Element of Design: Texture Texture refers to the surface quality of goods. Fabric can have a variety of textures, all of which can affect the look of a garment or fashion accessory. The weave and texture of a fabric has an impact on the way it drapes, which, in turn, affects the way a garment looks when it is worn. Texture can be used all over the garment or for embellishment. All-over texture refers to the weave of the garment’s main fabric. For example, a sweater made with thick, heavy yarn has a chunky, bulky texture. Embellisments can create texture for garments too. For example a top may have a sequined, sparkly area that looks different from the rest of the garment. When coming up with outfits, people often mix textures. For example, a tweed jacket could be paired with a skinny jean, or textured pants might be paired with a crisp shirt. Wise selection of textures can flatter the wearer’s appearance. Some textures create the illusion of added weight, such as bulky or shiny fabrics.
Texture: All-Over Garment The above photos show some examples of popular textures. Entire garments can be made out natural or synthetic wool, fur, or leather.
Texture: As Embellishment The above photos show contrasting textures in garments. The garment is constructed out of a primary fabric, while embellishment is added with a secondary fabric.
Texture: In Outfits The above photos show contrasting textures in outfits. Mixing and matching various textures creates interest in one’s look.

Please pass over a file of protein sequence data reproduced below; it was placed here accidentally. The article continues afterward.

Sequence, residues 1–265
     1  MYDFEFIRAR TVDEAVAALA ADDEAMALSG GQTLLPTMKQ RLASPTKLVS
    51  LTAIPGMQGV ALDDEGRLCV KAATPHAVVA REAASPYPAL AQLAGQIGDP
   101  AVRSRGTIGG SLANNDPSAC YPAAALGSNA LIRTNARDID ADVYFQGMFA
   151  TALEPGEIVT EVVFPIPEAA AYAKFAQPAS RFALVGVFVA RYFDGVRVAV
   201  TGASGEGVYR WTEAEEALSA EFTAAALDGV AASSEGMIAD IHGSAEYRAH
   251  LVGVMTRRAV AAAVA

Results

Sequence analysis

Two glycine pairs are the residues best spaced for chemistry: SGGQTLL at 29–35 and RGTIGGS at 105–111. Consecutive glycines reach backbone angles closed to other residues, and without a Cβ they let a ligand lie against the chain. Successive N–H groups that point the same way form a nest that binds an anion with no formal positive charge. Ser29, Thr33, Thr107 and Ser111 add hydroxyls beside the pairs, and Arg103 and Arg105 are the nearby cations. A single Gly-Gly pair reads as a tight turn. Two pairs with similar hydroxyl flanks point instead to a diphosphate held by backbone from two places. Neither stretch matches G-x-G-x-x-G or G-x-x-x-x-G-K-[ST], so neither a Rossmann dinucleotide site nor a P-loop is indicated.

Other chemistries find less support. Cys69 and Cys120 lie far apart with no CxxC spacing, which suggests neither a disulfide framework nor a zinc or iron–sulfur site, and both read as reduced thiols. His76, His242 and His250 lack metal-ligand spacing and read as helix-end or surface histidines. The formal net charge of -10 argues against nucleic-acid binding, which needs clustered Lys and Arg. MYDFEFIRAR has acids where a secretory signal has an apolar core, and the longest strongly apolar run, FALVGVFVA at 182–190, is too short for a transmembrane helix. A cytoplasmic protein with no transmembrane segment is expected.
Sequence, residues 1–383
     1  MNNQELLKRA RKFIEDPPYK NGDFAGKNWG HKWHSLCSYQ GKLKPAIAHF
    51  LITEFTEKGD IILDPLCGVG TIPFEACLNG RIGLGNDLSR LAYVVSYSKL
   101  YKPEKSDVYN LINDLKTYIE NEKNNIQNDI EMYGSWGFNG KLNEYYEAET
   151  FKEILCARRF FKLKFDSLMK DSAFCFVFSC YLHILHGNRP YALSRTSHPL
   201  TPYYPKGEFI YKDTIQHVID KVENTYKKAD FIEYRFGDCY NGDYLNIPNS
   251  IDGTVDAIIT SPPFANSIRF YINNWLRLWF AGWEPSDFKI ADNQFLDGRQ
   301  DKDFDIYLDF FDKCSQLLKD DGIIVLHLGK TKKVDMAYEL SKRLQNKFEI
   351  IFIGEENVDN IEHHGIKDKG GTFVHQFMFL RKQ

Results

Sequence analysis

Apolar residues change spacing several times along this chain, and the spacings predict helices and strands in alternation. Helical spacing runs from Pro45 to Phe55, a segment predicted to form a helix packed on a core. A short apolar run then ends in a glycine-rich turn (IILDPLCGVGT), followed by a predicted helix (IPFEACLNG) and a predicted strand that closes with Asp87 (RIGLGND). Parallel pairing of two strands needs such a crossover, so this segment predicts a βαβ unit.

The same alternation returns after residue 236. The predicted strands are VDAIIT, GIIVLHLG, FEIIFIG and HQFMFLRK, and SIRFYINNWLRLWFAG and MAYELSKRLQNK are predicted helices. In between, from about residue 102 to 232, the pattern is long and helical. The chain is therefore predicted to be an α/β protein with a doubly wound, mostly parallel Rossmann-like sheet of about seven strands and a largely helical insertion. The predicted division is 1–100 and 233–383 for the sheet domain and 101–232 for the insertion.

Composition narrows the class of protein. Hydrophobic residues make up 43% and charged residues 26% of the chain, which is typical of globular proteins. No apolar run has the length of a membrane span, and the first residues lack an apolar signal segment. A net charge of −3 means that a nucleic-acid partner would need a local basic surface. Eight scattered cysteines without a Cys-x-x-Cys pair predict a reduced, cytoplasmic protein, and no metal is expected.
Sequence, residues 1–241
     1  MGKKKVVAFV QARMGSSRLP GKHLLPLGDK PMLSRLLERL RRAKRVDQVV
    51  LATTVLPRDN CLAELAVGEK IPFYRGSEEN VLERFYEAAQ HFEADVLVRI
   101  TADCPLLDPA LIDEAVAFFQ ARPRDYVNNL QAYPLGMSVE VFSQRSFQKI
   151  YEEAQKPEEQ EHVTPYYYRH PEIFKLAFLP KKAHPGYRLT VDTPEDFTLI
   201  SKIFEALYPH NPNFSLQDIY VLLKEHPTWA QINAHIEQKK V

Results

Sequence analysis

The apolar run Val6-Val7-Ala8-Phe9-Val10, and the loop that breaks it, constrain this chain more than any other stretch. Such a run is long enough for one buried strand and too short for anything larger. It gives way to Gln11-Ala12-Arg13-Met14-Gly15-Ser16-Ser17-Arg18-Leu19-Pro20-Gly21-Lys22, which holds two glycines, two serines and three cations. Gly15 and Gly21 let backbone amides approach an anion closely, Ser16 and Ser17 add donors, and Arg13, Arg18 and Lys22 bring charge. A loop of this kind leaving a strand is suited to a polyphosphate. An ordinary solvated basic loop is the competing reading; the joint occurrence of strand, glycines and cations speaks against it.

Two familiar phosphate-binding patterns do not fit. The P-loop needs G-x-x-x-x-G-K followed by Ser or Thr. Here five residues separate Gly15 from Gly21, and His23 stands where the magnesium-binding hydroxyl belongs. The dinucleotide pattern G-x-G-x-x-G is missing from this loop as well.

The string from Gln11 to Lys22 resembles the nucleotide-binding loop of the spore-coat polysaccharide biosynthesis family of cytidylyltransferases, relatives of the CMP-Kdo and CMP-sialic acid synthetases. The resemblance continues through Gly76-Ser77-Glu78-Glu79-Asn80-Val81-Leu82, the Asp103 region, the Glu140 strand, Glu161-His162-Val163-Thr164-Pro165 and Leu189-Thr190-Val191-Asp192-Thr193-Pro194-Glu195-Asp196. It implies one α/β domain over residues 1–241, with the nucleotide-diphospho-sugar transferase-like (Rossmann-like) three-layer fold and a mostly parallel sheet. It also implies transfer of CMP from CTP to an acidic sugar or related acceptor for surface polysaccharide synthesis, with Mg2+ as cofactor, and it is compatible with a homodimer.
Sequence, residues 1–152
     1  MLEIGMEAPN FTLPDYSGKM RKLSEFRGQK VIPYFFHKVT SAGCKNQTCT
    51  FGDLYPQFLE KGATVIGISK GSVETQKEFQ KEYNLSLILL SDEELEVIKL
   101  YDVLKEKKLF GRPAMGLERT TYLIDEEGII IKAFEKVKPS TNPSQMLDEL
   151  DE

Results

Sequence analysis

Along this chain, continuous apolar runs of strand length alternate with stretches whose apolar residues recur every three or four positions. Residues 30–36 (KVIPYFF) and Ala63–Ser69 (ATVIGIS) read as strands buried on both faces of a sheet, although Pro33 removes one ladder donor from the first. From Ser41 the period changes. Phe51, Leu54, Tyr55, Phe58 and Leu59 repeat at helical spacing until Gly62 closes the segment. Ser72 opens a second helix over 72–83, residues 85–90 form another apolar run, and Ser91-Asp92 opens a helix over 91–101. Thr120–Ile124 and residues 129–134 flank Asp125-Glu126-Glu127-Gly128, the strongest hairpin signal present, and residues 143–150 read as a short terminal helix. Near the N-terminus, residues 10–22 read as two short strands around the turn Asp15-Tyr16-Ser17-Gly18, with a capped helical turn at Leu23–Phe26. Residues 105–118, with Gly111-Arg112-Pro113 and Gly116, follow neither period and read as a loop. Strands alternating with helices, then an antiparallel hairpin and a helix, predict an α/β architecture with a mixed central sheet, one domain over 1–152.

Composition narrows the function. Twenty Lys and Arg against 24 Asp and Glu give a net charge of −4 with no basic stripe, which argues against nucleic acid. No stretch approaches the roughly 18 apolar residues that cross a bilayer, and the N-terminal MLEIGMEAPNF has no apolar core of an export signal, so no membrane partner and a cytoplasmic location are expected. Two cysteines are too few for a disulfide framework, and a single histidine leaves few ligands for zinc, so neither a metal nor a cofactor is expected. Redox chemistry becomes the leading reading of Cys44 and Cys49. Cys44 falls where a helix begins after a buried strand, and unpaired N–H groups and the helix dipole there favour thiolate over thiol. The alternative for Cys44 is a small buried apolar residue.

Element of Design: Colour Colour is the most important element in fashion design, and there are many different colour schemes that work together. A quilter’s wheel shows compatible colour combinations and can be useful when trying to decide if certain wardrobe items go together. Neutral colours,in fashion, can be worn with any other colour, making them good colours for wardrobe-building. Colours such as beige, black, grey, brown, and white are neutral colours because of their versatility to match with other colours. In fashion, colours can be described as warm or cool. Warm colours are made with orange, red, yellow and combinations of them all. As the name indicates, they tend to make you think of sunlight and heat. Warm colours advance (or seem bigger in space), so they give the illusion of enlarging size. Cool colours such as blue, green and light purple have the ability to calm and soothe. Where warm colors remind us of heat and sunshine, cool colors remind us of water and sky. Unlike warm colors, cool colors look as though they recede (or seem smaller in space), giving the illusion of reducing size.